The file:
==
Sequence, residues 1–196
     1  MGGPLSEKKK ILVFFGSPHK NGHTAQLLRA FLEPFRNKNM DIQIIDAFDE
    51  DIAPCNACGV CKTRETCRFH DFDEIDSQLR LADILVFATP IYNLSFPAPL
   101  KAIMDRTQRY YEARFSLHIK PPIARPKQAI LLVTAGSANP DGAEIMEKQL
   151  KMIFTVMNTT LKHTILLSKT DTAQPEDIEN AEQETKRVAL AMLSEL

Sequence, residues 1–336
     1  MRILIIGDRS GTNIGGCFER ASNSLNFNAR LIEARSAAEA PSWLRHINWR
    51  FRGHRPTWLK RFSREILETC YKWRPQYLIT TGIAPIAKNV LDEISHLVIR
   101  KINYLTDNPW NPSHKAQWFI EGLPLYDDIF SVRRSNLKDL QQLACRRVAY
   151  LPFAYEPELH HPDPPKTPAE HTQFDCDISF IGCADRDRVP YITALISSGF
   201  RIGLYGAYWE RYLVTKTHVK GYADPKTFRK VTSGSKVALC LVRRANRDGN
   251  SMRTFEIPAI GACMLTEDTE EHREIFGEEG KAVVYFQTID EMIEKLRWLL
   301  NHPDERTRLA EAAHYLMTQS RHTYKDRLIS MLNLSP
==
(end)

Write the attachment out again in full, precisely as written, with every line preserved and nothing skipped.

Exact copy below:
Sequence, residues 1–196
     1  MGGPLSEKKK ILVFFGSPHK NGHTAQLLRA FLEPFRNKNM DIQIIDAFDE
    51  DIAPCNACGV CKTRETCRFH DFDEIDSQLR LADILVFATP IYNLSFPAPL
   101  KAIMDRTQRY YEARFSLHIK PPIARPKQAI LLVTAGSANP DGAEIMEKQL
   151  KMIFTVMNTT LKHTILLSKT DTAQPEDIEN AEQETKRVAL AMLSEL

Sequence, residues 1–336
     1  MRILIIGDRS GTNIGGCFER ASNSLNFNAR LIEARSAAEA PSWLRHINWR
    51  FRGHRPTWLK RFSREILETC YKWRPQYLIT TGIAPIAKNV LDEISHLVIR
   101  KINYLTDNPW NPSHKAQWFI EGLPLYDDIF SVRRSNLKDL QQLACRRVAY
   151  LPFAYEPELH HPDPPKTPAE HTQFDCDISF IGCADRDRVP YITALISSGF
   201  RIGLYGAYWE RYLVTKTHVK GYADPKTFRK VTSGSKVALC LVRRANRDGN
   251  SMRTFEIPAI GACMLTEDTE EHREIFGEEG KAVVYFQTID EMIEKLRWLL
   301  NHPDERTRLA EAAHYLMTQS RHTYKDRLIS MLNLSP